Hedge Funds Moderate Loss

NEW YORK (HedgeWorld.com)--May's losing streak did not end with that month but appears to have become less damaging, judging from hedge fund index data available so far. The Hedge Fund Research Fund Weighted Composite Index was almost flat in June, with a decline of 0.2%.

By comparison, the MSCI world equity benchmark lost 3.3% and world sovereign bonds gave up 2.7% during the month. We're beginning the second half of the year and investors have earned little or no return from most financial assets regardless of the currency, wrote Jeffrey Schoenfeld, chief investment officer at Brown Brothers Harriman & Co.

Despite the turmoil of the past two months, the HFRI index is up over 6% year-to-date. That average conceals different patterns, although no hedge fund sector is in the red for the year so far.

For instance, the HFR fund of funds index lost 0.8% in June and is up 4% for the year, whereas a miscellaneous sector index lost almost 3% in June but is still returning 15% for the year. That is consistent with expectations: Typically funds of funds reduce volatility, but sacrifice some return to do that.

Recent performance also is consistent with the expectation that hedge funds should not lose as much as stock and bond markets. At least some hedge fund portfolios are really hedged and the flexibility to go to cash allows risk-conscious managers to moderate losses.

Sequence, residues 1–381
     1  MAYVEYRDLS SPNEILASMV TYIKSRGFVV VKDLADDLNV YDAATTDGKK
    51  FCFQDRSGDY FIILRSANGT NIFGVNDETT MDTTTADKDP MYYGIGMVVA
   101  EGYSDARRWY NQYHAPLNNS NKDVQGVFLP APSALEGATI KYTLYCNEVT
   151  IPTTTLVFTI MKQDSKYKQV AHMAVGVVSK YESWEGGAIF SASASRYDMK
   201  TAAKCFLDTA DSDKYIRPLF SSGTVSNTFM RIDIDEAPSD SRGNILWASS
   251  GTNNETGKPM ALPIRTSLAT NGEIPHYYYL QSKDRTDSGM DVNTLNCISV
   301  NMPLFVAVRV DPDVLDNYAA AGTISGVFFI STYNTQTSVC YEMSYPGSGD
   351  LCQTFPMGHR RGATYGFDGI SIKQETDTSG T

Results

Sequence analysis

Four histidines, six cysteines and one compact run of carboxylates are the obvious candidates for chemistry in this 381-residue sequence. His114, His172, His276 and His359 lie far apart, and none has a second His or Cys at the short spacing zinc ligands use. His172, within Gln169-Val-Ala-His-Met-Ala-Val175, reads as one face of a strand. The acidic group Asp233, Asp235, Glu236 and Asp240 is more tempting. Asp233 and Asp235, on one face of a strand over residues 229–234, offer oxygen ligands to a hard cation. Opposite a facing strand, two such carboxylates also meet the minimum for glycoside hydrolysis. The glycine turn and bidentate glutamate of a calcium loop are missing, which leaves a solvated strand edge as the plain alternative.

But the results do not support the promise of absolute positive returns in all types of markets, at least not for hedge funds as a whole. Certain strategies did deliver exceptionally strong performance in choppy markets: The HFR market timing index gained 4.4% in June and is up over 12% for the year.

Clearly, if one invests in the right hedge fund strategy, one can make a lot of money even in an environment fogged by uncertainty as to interest rate policy and geopolitical conditions. If one invests in hedge funds across the board, what one gets is less volatility, not high returns.

But was it possible to predict in January that, say, market timing funds were going to do well in the first half of 2006? Will they do as well in the second half?

Economic uncertainties are likely to continue. Mr. Schoenfeld said he is upbeat about the U.S. and global economy, but he pointed to rising core inflation as a reason to expect more rate hikes from the Federal Reserve. Policy unpredictability in the United States is compounded by monetary tightening at central banks across the world, he wrote in a report. As for political risks, a quick look at international news shows that they're not fading.

Mr. Schoenfeld said he expects greater market volatility and a growing preference for less risky assets. Which strategies perform reliably well in such environments? That's the key question for investors.

CKurdas@HedgeWorld.com

Contact Bob Keane with questions or comments at bkeane@investmentadvisor.com.

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